Auto

How Haas F1 Team Plans to Return to Formula 1 Respectability

Team principal Guenther Steiner: 'We got out of the ditch, and we are now back in the fight to move forward again.'

auto, autos, car, cars, formula one, how haas f1 team plans to return to formula 1 respectability
Clive RoseGetty Images

  • A year ago, Haas F1 team principal Guenther Steiner’s promise was to return Haas to midfield respectability, with the eventual goal of reaching its 2018 level of fifth in the Constructors’ Standings.
  • Haas’ 2022 season is already the third-best of its seven-year existence, at least in terms of points.
  • The American team enters the second of two 2022 home events this week at Austin, Texas—following Miami in May—eighth of 10 teams in the Constructors’ Standings.

    Haas F1 Team—Formula 1’s lone U.S.-based team—is chasing points at this weekend’s U.S. Grand Prix at Austin, Texas.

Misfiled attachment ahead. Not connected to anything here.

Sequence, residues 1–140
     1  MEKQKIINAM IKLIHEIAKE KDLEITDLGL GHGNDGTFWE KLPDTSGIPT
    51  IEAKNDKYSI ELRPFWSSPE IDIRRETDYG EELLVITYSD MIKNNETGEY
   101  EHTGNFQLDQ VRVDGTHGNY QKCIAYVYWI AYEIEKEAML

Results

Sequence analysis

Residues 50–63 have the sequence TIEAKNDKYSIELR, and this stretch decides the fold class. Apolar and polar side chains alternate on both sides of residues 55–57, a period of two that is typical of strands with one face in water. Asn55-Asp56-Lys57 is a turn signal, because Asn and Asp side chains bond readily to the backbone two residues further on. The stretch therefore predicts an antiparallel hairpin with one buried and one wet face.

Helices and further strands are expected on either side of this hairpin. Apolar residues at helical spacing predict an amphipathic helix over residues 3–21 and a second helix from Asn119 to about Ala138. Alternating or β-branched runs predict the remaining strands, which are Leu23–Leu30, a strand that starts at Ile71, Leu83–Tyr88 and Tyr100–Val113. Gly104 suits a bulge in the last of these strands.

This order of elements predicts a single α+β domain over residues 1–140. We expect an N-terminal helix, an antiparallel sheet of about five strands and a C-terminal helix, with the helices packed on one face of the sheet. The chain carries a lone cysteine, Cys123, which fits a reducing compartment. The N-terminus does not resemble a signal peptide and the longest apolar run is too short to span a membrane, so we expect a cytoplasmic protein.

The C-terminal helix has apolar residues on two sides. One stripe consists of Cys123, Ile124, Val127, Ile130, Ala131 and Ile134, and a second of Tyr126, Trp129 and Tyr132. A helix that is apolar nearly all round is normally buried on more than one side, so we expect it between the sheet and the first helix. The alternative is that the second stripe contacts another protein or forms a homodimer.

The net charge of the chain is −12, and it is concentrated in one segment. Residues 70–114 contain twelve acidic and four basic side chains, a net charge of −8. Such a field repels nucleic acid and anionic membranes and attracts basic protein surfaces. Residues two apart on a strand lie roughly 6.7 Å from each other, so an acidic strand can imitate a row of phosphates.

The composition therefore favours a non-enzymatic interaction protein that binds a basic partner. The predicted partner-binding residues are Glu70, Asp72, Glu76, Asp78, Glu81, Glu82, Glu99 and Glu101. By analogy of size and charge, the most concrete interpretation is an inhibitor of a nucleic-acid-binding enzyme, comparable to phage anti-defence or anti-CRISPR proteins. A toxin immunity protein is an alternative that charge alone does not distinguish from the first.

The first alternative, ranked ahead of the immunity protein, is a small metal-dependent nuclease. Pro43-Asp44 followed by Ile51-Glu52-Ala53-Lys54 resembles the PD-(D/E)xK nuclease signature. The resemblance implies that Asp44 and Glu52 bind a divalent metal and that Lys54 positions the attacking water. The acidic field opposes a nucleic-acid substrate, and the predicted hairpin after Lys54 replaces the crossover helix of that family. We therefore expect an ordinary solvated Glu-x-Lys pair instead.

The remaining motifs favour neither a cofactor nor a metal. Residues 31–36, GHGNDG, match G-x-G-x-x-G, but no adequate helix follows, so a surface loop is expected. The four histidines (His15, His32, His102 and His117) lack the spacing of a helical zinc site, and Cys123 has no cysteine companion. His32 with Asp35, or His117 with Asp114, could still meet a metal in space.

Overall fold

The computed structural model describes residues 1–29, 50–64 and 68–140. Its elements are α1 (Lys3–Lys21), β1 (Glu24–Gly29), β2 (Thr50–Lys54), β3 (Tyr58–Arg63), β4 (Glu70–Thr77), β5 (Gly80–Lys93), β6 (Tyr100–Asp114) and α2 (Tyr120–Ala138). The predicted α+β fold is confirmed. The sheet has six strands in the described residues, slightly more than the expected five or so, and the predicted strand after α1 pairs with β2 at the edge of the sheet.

The team has shown in 2022 that top-10 finishes are within its grasp, but it’s coming up short on making good on its promise to move into the midfield on a consistent basis. So, what’s next for the squad?

    Haas’ 2022 season is already the third-best of its seven-year existence, at least in terms of points, and its level of competitiveness at its highest since its 2018 zenith, when it finished a surprising fifth in the Constructors’ Standings.

    Development issues throughout the 2019 season gave way to a 2020 impacted by pandemic uncertainty, prompting one of F1’s smallest teams to focus on the new 2022 regulations, effectively sacrificing 2021.

    The Standings

    Haas F1 Team in the Formula 1 Constructor Championship through the years:

    • 2016, 8th place, 29 points
    • 2017, 8th place, 47 points
    • 2018, 5th place, 93 points
    • 2019, 9th place, 28 points
    • 2020, 9th place, 3 points
    • 2021, 10th place, 0 points
    • 2022, 8th place, 34 points